Plant Material - Lettuce (Lactuca sativa L.) seeds (achenes) from thermosensitive 'Dark Green Boston' (DGB) and thermotolerant 'Everglades' (EVE) genotypes were used in this study. Thermotolerance was defined as the ability of seeds to germinate above 90% at temperatures up to 35°C in the light (Guzman et al., 1992). Genotypes DBG and EVE were chosen because of their genetic relationship (Guzman et al., 1992). All seeds were produced in the same season and region of San Joaquin Valley, California, in 1994. Seeds were stored at 10°C, 40% RH prior to use.

Seed Priming - Seeds were primed in 200 mm test tubes for 3 days at 15°C with constant light (~26 µmol m-2 s-1) in an aerated solution of polyethylene glycol (PEG), (osmotic potential of -1.2 MPa), or PEG + 10 mmol L-1 of 1-aminocyclopropane-1-carboxylic acid (ACC), or PEG + 10 mmol L-1 of aminoethoxyvinylglycine (AVG), or PEG + 20 mmol L-1 of silver thiosulphate (STS) (30 mL of solution per g of seed). An aquarium pump provided aeration. The air was pre-hydrated by bubbling through water to minimize evaporation from the priming solution. Afterwards, seeds were placed in a Buchner funnel, rinsed three times with 100 mL of distilled water, and redried in an incubator at 15°C and 45% RH for 3 days (Nascimento, 1998).

Seed Moisture Content - Seed moisture content was determined by drying seeds for 1 hour at 130°C. The seeds were then placed in a desiccator at room temperature for 20 min before weighing (AOSA, 1993). Samples were replicated twice.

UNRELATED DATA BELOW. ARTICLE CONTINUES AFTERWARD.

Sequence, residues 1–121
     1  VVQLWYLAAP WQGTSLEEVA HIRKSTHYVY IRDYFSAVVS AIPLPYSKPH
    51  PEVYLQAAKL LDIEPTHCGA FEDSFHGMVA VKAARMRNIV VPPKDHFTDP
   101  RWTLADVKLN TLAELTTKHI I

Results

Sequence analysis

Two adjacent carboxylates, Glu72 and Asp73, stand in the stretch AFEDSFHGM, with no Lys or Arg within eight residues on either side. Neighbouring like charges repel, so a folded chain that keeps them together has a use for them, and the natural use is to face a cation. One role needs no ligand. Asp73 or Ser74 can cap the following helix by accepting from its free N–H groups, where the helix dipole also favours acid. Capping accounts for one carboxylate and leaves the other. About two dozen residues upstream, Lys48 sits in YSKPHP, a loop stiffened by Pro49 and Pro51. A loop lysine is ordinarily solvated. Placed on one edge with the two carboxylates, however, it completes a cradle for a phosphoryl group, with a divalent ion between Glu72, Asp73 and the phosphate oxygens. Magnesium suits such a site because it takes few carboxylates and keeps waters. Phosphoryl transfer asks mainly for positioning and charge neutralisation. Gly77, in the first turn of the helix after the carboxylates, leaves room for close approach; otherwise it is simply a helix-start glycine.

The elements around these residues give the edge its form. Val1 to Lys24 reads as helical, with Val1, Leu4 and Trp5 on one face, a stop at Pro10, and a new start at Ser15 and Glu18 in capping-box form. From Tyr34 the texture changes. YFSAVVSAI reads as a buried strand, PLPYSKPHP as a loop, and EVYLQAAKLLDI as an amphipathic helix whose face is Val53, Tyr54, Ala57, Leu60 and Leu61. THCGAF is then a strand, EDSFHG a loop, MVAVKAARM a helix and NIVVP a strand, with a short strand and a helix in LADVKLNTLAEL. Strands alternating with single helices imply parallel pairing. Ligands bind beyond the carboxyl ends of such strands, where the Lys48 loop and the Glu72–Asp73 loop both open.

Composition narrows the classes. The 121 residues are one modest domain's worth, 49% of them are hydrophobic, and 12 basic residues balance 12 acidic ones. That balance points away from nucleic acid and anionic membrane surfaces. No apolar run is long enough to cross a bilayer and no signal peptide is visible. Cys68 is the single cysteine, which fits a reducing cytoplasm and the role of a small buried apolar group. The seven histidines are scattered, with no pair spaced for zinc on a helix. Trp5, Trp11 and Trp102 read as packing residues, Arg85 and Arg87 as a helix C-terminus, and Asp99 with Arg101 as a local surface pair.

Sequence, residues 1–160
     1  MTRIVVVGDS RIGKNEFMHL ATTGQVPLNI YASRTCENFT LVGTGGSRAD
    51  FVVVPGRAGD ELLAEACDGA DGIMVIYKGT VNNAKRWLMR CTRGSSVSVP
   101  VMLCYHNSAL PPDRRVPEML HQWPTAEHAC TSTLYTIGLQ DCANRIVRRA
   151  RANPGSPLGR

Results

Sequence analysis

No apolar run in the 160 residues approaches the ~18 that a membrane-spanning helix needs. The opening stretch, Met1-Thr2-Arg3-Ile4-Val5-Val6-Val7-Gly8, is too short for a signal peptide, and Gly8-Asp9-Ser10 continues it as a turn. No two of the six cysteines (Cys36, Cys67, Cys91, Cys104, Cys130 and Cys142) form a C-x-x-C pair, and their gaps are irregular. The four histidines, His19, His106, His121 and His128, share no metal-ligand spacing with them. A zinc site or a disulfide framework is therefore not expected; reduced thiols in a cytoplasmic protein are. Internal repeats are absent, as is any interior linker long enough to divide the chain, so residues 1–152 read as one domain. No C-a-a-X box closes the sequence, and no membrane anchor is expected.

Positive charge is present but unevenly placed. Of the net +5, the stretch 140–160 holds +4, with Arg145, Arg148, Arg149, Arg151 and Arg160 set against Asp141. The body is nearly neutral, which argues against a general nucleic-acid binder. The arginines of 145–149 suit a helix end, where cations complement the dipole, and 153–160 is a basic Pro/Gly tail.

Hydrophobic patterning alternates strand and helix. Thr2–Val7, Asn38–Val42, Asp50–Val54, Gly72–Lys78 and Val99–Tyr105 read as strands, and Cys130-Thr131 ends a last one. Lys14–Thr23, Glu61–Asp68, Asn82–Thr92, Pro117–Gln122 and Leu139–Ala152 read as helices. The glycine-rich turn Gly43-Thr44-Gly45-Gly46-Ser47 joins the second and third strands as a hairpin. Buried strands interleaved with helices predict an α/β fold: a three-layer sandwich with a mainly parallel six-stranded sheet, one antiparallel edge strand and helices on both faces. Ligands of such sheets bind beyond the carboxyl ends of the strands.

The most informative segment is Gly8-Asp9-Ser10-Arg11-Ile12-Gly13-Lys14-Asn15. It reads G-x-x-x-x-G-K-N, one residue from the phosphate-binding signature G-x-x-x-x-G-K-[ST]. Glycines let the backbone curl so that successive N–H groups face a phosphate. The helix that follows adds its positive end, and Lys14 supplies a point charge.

Seed Germination - Four replications of 25 seeds were placed on two layers of 5 cm diameter blotter paper (Anchor Paper, Hudson, WI) moistened with 3 mL of distilled water. Distilled water was added as needed to keep the filter paper moist. Blotters were covered with 5.5 cm Petri dishes lids and incubated at 20 or 35°C under constant light (~26 µmol m-2 s-1) on a one-dimensional thermogradient table (Type DB 5000, Van Dok & De Boer, B.V., Holland). Seeds were also germinated in ACC (10 mmol L-1), AVG (10 mmol L-1), and STS (20 mmol L-1) solutions. Germinated seeds were counted daily at the same time. In addition, in the first 24 hours, seed germination was observed periodically. Germination rate was calculated according to the formula S Ti Ni / S Ni, where Ni is the number of newly germinated seed at time Ti (Maguire, 1962).

Enzyme Activity -A gel-diffusion assay (Downie et al., 1994; Still et al., 1997) was used to measure endo-b-mannanase (EC 3.2.1.78) activity after seed priming and during seed germination. Gel plates were prepared by dissolving 0.05% (w/v) galactomannan (locust bean gum, Sigma Chemical Co., St. Louis, MO) in incubation buffer (0.1 mol L-1 citric acid, 0.2 mol L-1 sodium phosphate, pH 5.0), stirring and heating for 30 min. Afterward the solution was clarified by centrifugation at 11,000 g for 15 min at 4°C. Phytagar (Gibco Lab., Grand Island, NY) at 0.7% (w/v) was added to the clarified solution and stirred and heated to boiling. Thirty mL of the solution were dispensed into 150 x 25 mm disposable Petri dishes (Falcon, Franklin Lakes, NJ). After solidification, 32 wells per plate were made using a 2-mm disposable plastic pipette and removing the excised gel by aspiration.